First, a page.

Sunday, October 1st – 2-3 pm
Eveline Kanes & MaryLee McNeal
poetry reading

Spindlermühle ((Czechoslovakia), 1930s

So clear that night
and still,
only the sound
of the horse’s hooves
on packed snow
and the sleigh’s bells
broke the silence,
our breaths mingled
with the horse’s steam
as we huddled under
a heavy blanket
my parents and I
alert to the brightness
of moon-lit sky,
so young, so long ago.

— Eveline Kanes

 

Hunger

From beside the house where grandmother was born
my daughter picked a wild rose, then pressed it
in a guidebook before it could dry and crumble.
The abandoned house has crumbled into the pasture,
like grandmother crumbled into arthritic, melancholy ruin
while she tended, like a turf fire, the memory of Cork.

We traveled in a car over a road meant for goats
to find our cousins—the children and grandchildren
of the ones who stayed through the hunger years.
Their welcome is warm, their smiles both shy and sly,
their speech hard for us to grasp and full of wry asides.
The table is set for a feast—good china, their own beef,
potatoes, cheese, breads, salads, wine, tea and sweets.
They mean to serve, to fill us, but not sit down beside us.
Course after course they insist we eat, watching–making sure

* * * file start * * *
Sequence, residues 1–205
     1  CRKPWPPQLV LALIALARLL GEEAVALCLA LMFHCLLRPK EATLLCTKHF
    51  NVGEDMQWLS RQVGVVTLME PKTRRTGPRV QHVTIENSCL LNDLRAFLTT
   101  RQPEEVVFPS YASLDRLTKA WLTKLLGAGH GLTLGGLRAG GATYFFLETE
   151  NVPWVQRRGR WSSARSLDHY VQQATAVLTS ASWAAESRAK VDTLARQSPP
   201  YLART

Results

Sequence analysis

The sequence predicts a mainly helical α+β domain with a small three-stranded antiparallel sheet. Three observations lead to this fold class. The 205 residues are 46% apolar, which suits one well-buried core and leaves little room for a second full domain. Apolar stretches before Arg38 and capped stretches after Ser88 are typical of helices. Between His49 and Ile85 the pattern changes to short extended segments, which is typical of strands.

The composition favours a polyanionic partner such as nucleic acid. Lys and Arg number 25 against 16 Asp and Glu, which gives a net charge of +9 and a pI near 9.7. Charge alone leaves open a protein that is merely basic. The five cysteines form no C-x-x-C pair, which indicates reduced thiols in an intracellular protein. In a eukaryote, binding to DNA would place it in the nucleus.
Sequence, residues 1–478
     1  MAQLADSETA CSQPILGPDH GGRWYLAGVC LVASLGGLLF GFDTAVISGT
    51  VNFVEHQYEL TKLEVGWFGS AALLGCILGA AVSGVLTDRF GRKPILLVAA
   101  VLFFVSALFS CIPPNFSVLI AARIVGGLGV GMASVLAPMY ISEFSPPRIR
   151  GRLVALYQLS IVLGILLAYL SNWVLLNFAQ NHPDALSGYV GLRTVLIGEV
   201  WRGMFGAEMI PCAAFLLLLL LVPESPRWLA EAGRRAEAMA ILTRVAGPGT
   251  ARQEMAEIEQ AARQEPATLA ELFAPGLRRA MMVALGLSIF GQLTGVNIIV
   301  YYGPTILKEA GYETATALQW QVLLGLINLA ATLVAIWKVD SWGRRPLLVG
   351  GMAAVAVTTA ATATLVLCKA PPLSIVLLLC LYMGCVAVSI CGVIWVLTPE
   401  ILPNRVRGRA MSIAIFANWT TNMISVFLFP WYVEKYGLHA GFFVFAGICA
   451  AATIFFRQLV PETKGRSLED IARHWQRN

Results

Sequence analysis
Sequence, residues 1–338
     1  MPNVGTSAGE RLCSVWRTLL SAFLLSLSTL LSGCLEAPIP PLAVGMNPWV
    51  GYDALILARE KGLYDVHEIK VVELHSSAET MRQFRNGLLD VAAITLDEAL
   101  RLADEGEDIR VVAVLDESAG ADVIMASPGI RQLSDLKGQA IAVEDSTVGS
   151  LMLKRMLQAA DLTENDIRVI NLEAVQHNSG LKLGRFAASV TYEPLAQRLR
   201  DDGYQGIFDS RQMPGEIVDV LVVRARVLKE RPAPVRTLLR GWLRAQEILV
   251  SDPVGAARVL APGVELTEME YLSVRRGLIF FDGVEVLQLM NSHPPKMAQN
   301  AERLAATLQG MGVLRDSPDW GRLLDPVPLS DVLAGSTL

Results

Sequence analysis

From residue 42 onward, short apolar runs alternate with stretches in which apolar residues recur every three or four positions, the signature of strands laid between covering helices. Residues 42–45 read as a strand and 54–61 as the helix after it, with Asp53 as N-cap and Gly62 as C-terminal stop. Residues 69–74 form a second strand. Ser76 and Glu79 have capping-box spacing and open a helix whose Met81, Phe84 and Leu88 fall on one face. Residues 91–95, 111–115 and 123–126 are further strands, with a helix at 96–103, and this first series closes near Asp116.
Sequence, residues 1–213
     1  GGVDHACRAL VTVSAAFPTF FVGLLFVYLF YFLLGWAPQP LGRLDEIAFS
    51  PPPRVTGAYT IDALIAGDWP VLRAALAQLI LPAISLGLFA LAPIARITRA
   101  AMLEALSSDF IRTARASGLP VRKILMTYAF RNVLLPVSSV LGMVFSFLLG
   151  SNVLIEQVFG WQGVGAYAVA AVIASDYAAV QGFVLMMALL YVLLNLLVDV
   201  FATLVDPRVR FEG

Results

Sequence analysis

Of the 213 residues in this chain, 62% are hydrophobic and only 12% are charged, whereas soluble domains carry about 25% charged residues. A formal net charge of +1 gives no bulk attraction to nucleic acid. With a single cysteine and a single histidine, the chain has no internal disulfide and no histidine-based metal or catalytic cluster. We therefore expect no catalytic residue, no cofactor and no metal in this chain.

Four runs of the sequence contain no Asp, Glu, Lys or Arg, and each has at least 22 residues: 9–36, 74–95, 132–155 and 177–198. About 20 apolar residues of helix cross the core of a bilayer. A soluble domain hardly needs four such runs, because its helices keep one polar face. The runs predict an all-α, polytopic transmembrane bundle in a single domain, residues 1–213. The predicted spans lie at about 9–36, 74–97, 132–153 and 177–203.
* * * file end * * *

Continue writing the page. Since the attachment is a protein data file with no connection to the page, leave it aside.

hunger is a word we’ll not again associate with them.
The ocean we’ve crossed still roils there, between us.

Now home in California, we keep trying to return
through talk and dreams to that place our ancestors left,
but we can’t get back. The image of ourselves there
flickers like a glimpse of blue sky through stone walls
of a ruined house. Memories of green fields and old rocks
mock us–our cousins’ smiles as they filled our teacups
again and again, urging us to take in more than we could hold.

My daughter glued the small rose, with other wildflowers
from hillsides and meadows there, onto a picture frame.
She put coat after coat of varnish over the once bright flowers.
Now I keep changing the picture in the frame: stone circle,
Bantry Bay, the ocean our grandparents crossed, the house
grandmother left, the landscape grandfather lost.

MaryLee McNeal
Santa Clara Review, 2003